One of the principles of MST is the transformation of society, seeking to build a united society, with social justice, capable of guaranteeing a dignified life to all of the population. To achieve this, the MST understands the need to end inequality in gender relations. The MST believes that in order to grow as new women and men new economic, social, political and environmental relationships must be based on values such as respect, friendship, solidarity, justice and love.
Obviously there are gender inequalities within the MST; after all, the movement is not an island within society. The most important task of the Gender Sector is to discuss and to contest gender relations within MST while strengthening the role women play in the organization. The MST believes that gender and class are intertwined, and the movement has set a clear direction to describe and expand landless women's participation.
Among others, the MST considers it essential that:
-Access to land: joint land-use titles titles and right to credit in the name of couples;
-50% participation by women in all MST education and training course, and in leadership roles inside the organization's national bodies;
-Guarantee one male and one female coordinator in the community bases;
-Intensive discussion and study regarding the theme of gender in all courses and conventions held by the MST;
-Participation of women in the entire production process;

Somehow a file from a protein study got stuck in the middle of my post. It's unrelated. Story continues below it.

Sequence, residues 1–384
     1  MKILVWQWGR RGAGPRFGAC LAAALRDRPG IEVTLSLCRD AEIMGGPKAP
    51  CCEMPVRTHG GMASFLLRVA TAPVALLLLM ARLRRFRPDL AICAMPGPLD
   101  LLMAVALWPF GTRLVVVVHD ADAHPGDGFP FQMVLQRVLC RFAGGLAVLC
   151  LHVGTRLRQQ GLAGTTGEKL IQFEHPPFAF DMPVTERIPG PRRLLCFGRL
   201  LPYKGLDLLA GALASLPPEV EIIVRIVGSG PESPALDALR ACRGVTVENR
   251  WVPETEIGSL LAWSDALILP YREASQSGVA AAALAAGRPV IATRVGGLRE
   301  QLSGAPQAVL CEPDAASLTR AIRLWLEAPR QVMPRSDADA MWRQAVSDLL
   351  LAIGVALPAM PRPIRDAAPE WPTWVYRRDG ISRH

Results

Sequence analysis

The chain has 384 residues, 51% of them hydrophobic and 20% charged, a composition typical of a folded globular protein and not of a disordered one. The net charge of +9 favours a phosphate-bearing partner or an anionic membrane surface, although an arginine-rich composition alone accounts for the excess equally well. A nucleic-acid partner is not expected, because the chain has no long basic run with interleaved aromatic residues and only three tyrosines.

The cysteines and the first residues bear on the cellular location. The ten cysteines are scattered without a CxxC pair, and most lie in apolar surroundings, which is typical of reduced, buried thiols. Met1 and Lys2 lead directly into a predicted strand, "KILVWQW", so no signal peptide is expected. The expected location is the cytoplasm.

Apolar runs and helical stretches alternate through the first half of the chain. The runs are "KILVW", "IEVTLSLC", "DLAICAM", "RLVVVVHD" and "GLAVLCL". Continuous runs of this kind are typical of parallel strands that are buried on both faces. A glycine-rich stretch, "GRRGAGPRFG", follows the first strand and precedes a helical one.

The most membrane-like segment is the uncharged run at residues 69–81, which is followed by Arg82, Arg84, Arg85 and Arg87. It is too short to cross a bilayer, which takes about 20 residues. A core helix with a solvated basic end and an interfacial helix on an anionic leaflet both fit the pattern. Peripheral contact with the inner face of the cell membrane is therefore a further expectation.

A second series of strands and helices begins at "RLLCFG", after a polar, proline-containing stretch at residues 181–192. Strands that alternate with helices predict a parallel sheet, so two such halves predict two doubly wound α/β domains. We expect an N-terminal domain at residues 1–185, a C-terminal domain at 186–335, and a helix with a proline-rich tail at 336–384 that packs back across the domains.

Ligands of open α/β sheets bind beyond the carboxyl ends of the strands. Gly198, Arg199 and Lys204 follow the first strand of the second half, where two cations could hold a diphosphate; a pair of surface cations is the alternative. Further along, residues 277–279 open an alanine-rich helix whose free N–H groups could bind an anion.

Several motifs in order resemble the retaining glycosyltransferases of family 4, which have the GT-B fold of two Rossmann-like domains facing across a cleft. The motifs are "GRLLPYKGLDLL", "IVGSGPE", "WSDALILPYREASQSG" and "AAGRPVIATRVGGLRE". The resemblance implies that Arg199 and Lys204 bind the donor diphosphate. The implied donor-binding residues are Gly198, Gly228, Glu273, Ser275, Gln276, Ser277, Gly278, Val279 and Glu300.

-Guarantee childcare at courses, events, meetings in national, state, regional and local instances; permanent child care in the camps and settlements so children are not impediments of women’s participation in activities of education and in daily work;
-Organizing the national campaign: "No Rural Woman Worker Without Legal Documents," to encourage women in the countryside to get the basic documents that protect their rights;
-Creation of an annual celebration, Landless Women's Struggle Say, held on March 8 (International Woman's Day);
-Assure that projects of investment, definitions of lines of production, and finally, economic decisions are taken only with family participation.
Without these programs, values such as exploitation, discrimination, violence, authoritarianism and individualism, pillars of the society we are trying to destroy, will exist will have in our homes, communities of camps and settlements and in the body of the organization. The new woman and the new man are within us. But it is necessary to awaken them and let them bloom, to construct together a new way of society.